"It Didn't Start with Trump." That is the title of a Mother Jones article, authored by one David Corn, outlining how the Republican party began to go off the rails back in the 1950s, back in the days of Tail Gunner Joe McCarthy and the Red Scare. It continued on with the John Birch Society pushing for and succeeding in securing Barry Goldwater's presidential nomination in 1964, went further with Nixon's "Southern Strategy," and yet disastrously further with Ronald Reagan's invitation to the Jerry Falwell and the Moral Majority to join forces with Republicans. It didn't stop there, as we well know.
As substantive evidence to all of the above, I refer you both to the Mother Jones article cited above and to the interview of David Corn by the staff of Morning Joe, which I have posted below. Having seen this interview and read the article, I am utterly convinced that This Is NOTHING NEW for the Republican party. This is an ongoing pattern of paranoia and extremism which has slowly but surely poisoned the GOP, to the point where now, QAnon and fake news are part and parcel of their SOP.
This needs to be clearly understood ... and it needs to be STOPPED.
I'm going to give this a nudge, because for SOME odd reason, it didn't show up on my home page activity list ... and I think it's important enough that someone besides me should know about it!
It does show up, Loren, and it sure is interesting!
A vital history lesson.
There is an objective reality behind most 'conspiracy theories'. That is, not that the theories are all true, or that any of them are true, but that the feeling that ordinary people are not told the truth about what's going on in the world, if the elite/ruling class doesn't want them to know ... that's entirely true.
And it doesn't have to be a 'conspiracy' by the elite or anyone else. 'Conspiracy' is really the wrong word. We need a word for something like 'unspoken but widely acknowledged agreement to hide unpleasant truths, and/or promulgate distortions of the truth'.
For example: year after year, our military leaders in Afghanistan told us that progress was being made. Afghanistan was being slowly transformed into an approximation of a liberal democracy. And then came the near-instantaneous collapse and the victory of the Taliban. Now either the people who told us these untruths actually believed them, or they were lying -- or some combination of the two. But if you were an ordinary Amrican whose taxes, and sometimes whose children, were sent to Afghanistan ... after the collapse, wouldn't you be inclined to distrust our leaders?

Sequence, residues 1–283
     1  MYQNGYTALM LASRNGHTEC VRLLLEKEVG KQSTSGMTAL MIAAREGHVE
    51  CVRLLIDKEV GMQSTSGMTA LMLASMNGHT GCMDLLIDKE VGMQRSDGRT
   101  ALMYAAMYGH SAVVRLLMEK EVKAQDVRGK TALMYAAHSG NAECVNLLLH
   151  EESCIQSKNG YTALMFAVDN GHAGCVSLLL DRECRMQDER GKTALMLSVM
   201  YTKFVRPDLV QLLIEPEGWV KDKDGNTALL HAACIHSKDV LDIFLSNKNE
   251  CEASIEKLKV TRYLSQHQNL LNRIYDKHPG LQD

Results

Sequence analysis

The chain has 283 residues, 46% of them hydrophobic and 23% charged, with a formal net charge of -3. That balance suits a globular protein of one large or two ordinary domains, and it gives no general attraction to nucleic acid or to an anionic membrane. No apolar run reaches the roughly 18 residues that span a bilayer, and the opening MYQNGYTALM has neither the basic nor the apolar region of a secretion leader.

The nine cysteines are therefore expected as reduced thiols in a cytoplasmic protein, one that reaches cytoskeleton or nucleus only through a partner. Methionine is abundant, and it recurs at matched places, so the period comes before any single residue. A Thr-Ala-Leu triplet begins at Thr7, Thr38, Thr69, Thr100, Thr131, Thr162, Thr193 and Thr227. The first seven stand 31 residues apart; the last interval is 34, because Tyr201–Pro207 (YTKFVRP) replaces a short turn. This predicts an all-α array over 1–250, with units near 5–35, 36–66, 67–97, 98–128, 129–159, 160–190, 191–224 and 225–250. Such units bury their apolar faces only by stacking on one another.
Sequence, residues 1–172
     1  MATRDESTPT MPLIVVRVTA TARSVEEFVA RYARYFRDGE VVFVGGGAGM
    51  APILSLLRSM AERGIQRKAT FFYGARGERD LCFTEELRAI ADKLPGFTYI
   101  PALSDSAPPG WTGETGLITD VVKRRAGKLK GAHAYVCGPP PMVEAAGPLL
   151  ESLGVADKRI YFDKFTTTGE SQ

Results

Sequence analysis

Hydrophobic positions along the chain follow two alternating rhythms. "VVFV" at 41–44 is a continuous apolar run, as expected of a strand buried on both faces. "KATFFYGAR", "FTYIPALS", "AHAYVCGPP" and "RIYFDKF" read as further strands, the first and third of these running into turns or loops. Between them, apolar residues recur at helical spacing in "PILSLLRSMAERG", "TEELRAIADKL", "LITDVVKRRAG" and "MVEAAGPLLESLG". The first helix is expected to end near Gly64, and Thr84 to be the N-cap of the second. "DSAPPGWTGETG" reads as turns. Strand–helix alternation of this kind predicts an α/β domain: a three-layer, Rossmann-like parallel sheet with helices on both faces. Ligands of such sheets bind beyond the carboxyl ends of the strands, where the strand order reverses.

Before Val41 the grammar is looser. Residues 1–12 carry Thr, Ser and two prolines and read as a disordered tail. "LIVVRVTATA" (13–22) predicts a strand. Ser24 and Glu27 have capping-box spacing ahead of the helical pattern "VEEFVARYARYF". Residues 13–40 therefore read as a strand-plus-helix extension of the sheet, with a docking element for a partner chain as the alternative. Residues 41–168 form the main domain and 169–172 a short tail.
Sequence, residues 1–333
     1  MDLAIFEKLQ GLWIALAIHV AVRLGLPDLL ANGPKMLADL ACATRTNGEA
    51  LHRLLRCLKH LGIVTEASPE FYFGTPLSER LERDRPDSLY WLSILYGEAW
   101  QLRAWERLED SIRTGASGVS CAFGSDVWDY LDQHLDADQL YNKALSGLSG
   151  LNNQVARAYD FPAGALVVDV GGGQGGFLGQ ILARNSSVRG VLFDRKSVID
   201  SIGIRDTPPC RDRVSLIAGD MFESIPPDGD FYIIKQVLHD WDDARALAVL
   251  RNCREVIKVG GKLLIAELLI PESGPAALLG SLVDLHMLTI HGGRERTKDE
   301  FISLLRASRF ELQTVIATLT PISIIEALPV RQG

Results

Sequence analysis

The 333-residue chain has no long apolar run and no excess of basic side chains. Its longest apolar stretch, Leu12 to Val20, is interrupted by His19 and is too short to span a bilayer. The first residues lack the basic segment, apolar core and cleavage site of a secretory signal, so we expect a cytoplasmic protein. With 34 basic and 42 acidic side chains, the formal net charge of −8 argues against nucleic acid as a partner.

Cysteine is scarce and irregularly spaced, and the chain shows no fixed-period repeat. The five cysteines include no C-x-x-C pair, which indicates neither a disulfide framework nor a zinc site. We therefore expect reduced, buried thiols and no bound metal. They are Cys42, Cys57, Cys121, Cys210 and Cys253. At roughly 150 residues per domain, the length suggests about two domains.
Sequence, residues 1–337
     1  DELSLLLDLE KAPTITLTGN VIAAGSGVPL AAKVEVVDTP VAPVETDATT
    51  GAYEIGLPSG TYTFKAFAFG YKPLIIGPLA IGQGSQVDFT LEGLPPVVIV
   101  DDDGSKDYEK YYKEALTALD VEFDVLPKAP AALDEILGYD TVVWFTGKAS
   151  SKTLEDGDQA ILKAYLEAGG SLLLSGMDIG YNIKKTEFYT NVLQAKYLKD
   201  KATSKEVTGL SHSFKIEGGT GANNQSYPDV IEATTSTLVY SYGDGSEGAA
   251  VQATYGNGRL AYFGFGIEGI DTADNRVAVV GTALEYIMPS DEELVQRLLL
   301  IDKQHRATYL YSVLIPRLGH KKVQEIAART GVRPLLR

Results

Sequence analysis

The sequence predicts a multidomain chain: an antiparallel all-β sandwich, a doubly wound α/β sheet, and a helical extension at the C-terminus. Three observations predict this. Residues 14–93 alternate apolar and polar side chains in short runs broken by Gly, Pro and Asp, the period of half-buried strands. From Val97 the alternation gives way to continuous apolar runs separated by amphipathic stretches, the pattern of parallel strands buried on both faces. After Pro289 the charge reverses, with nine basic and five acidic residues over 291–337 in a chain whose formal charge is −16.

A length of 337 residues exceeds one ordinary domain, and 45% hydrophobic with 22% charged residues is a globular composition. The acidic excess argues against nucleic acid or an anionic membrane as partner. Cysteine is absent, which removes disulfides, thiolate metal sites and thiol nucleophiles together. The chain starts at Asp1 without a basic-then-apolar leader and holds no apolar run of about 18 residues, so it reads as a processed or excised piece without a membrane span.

Or take Iraq: we were told they were well on their way to having nuclear weapons, so we had to invade them A lie, and this time, a pretty conscious one. How sad that Colin Powell, a decent man, destroyed his reputation by shilling for George Bush (who in turn, was the pawn of the neo-cons, who disagreed with Robespierre's observtion that 'people do not love missionaries with bayonets'.)
And what did the invasion accomplish, besides a lot of destruction and dead bodies, both Iraqi and American? Now the theocracy of Iran has had its main enemy removed, and is on the way to being a regional power. With nuclear weapons, sooner or later. A conspiracy?
Or take the violent protest of the summer of 2020. "Mostly peaceful," the mass media said. The same media always downplay violence which runs against their leftist political beliefs, and make sure to publicize violence by right wingers which fits their political beliefs. (Examples supplied on request, for the skeptical.) So people are perfectly justified in not trusting the mass media. Is it a 'conspiracy'? We don't need to quibble over definitions. It's the equivalent of one.
McCarthyism was an abomination, but it had a rational kernal: the Communist Party of the US was indeed a puppet of the Soviet state, and gained a lot of influence in various places, including in the US government, before and during WWII. It controlled 11 national unions, 1/3 of the CIO, and had sympathyzers and "dues-cheating" members in high places in the government, and great influence in certain state organizations of the Democratic Party.
For years, liberals believed that Whitticker Chambers had slandered Alger Hiss, until the publication of the decode Verona intercepts. [ You can read both sides of the was-Hiss-guilty argument here: https://en.wikipedia.org/wiki/Alger_Hiss ]
And don't just blame the Republicans for the hysteria of the times. Communism appeared to be spreading over the world, and in those days, it was accompanied by firing squads. In 1954, the most draconian legislation ever passed by Congress, The Communist Control Act of 1954, was co-sponsored by Hubert Humphrey, the Bernie Sanders of his day.
More here: https://en.wikipedia.org/wiki/Communist_Control_Act_of_1954
From the Wiki article: "The overwhelming support provided by the liberals has attracted much attention from historians such as Mary McAuliffe (The Journal of American History). McAuliffe argues that the perceived gravity of the threat of Communism during the Cold War led some liberals to ignore the fact that the CCA suspended the citizenship rights of the Communist Party members. Most liberal Democrats did not even offer a token opposition to the Act; on the contrary, they ardently supported it."
There is no doubt that in the past, the Right was far less supportive of free speech than the (non-Communist) Left. Today they have changed places. It's the Left who are illiberal.
I have found that on both the Left and the Right, few people are willing to serious consider information that seems to contradict their religious beliefs. (In the case of the Left, these religious beliefs -- ie beliefs held on faith without reference to facts -- are poltiical, not supernatural. But they are religious nonetheless.)